Cape Wind Officially Pulls The Plug

Sixteen years after it was first proposed, Cape Wind has officially pulled the plug on its offshore wind farm planned for Massachusetts’ Nantucket Sound.

In a statement, Cape Wind says it has confirmed to the U.S. Bureau of Ocean Energy Management (BOEM) that it has ceased development of the project and has filed to terminate its development lease that was issued in 2010. The 468 MW wind farm, which would have comprised 130 Siemens turbines, was proposed by Cape Wind Associates LLC in November 2001.

Over the years, Energy Management Inc. (EMI), the project’s developer, conducted first-of-a-kind environmental and scientific research and studies as it obtained necessary environmental approvals through 17 federal and state agencies – while helping to evolve the regulatory framework for offshore wind in the U.S., says Cape Wind.

However, Cape Wind says that despite strong support from the public and environmental advocates, an opposition group “funded largely by wealthy waterfront homeowners and led by a fossil fuel billionaire” filed more than 25 appeals in a continuous effort to obstruct the construction of the project. In one court decision, according to Cape Wind, Federal Judge Richard Stearns admonished the project opponents’ “vexatious abuse of the judicial process.”

Cape Wind says it prevailed in the legal appeals, but the seemingly endless avenues for delay ran out the clock on the project’s power purchase agreements (PPAs) in 2015. In January of that year, both National Grid and NSTAR terminated their 15-year PPAs for the wind farm after they claimed Cape Wind had missed financing and construction commitments it was required to meet on Dec. 31, 2014. The utilities had agreed to purchase 77.5% of the project’s output: National Grid at 50% and NSTAR at 27.5%.

Just last week, the Alliance to Protect Nantucket Sound, along with a number of other Massachusetts stakeholders, announced its latest appeal in the fight against the project, which the group argued was “not viable, too expensive and opposed by residents, businesses and municipal leaders across Massachusetts,” said Audra Parker, president and CEO of the alliance. The groups sought to appeal BOEM’s recent decision to leave in place the 46-square-mile federal lease for the project.

Now, speaking on Cape Wind’s withdrawal of the lease, Parker says in a statement, “Sixteen years ago, a coalition of business and political leaders, Cape Cod and Island communities, Native Americans and fishermen, pilots and environmental advocates all stood united to say ‘no’ to a massive private development that would have ruined the national treasure that is Nantucket Sound. Today, I am thrilled to say that fight to stop Cape Wind is finally over.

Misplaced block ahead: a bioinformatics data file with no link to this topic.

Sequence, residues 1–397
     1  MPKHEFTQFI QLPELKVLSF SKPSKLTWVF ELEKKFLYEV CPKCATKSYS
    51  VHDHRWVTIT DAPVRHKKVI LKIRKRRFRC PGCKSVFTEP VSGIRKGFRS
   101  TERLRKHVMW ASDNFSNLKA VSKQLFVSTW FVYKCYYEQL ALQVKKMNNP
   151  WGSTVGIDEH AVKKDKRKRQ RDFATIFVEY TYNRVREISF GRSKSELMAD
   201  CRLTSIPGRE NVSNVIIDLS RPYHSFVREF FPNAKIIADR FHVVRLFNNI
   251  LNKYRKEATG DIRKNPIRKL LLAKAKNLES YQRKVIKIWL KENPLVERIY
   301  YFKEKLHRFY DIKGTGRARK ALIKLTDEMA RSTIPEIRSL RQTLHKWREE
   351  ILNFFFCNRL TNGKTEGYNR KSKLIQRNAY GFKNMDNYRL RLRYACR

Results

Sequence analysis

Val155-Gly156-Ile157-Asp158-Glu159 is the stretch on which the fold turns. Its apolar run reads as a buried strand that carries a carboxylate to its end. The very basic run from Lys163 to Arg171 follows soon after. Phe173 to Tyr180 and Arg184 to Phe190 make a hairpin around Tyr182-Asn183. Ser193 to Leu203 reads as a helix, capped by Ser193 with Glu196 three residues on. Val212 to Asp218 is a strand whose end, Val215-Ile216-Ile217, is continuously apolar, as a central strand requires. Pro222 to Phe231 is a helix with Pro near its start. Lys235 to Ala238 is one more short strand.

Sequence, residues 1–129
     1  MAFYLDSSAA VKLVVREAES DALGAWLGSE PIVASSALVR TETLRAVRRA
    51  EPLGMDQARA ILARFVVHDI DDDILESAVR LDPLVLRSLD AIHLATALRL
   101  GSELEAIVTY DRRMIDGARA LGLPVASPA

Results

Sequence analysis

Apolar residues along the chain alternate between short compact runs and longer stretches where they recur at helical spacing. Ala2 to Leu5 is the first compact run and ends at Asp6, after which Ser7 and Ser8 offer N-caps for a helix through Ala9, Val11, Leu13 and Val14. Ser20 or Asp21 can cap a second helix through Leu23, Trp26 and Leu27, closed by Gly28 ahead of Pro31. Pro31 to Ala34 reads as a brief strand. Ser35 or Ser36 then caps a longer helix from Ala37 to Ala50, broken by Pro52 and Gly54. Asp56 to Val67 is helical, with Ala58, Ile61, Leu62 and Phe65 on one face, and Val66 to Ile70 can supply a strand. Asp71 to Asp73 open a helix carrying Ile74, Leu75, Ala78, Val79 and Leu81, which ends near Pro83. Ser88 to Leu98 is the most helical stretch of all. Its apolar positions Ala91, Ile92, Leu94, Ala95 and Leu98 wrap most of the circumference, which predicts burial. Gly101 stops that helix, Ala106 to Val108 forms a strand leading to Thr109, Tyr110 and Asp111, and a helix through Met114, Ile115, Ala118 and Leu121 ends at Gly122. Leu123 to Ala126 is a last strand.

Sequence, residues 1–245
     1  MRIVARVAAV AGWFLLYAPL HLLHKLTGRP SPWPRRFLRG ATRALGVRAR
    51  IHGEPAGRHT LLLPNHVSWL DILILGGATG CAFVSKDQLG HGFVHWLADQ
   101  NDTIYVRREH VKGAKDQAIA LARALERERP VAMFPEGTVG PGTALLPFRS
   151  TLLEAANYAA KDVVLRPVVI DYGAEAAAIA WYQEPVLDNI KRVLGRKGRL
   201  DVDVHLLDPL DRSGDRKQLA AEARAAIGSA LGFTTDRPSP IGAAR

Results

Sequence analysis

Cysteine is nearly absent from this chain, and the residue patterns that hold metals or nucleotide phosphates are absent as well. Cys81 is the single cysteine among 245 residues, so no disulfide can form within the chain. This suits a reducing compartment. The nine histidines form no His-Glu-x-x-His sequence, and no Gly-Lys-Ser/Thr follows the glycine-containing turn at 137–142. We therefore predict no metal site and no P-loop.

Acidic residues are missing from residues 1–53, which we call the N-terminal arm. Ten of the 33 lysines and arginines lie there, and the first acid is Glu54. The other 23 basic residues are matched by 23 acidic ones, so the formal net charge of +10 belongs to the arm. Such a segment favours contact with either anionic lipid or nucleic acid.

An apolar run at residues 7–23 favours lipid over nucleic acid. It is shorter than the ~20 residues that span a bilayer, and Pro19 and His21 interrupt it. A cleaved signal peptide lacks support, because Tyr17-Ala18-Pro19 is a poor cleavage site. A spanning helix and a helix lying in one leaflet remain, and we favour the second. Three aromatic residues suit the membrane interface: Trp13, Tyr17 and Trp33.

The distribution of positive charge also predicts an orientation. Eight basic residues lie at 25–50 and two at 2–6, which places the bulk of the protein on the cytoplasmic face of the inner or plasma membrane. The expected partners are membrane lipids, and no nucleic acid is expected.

“Cape Wind has announced it has abandoned its misguided plan to develop the sound and is giving up its lease to 46 square miles of seabed,” she continues. “The Alliance to Protect Nantucket Sound intends to move forward with the strong and determined coalition we have forged to make certain that never again is a private developer given the rights to land that belongs to all of us.”

Jim Gordon, Cape Wind and EMI’s CEO, says in a statement, “During Cape Wind’s development period, we successfully developed over a billion dollars of renewable solar and biomass energy projects, and although we were unable to bring Cape Wind to fruition, we are proud of the catalyzing and pioneering effort we devoted to bringing offshore wind to the United States. Our successful resolution of the multiple appeals established important legal precedents that will hopefully make it easier for other offshore wind developers that follow.”

2 COMMENTS

  1. It is a sad day in my opinion. The victory is a hollow one. Anyone popping any corks here ought to be ashamed.

    The project wasn’t perfect, no energy project is. In the energy game, someone’s sacred cow always get gored. But all the studies indicated Cape Wind would have performed well.

    Failure was societal and economic not environmental.

    We are still a society that rewards carbon emission.

    Until we bake into fossil fuels the true cost of carbon emissions (floods, fires and storms to name a few), wind and solar will be penalized by the free ride carbon fuels get.

    So this is a sad day because the failure of Cape Wind is part and parcel of a much bigger failure of society not being ready to embrace carbon-zero energy sources.

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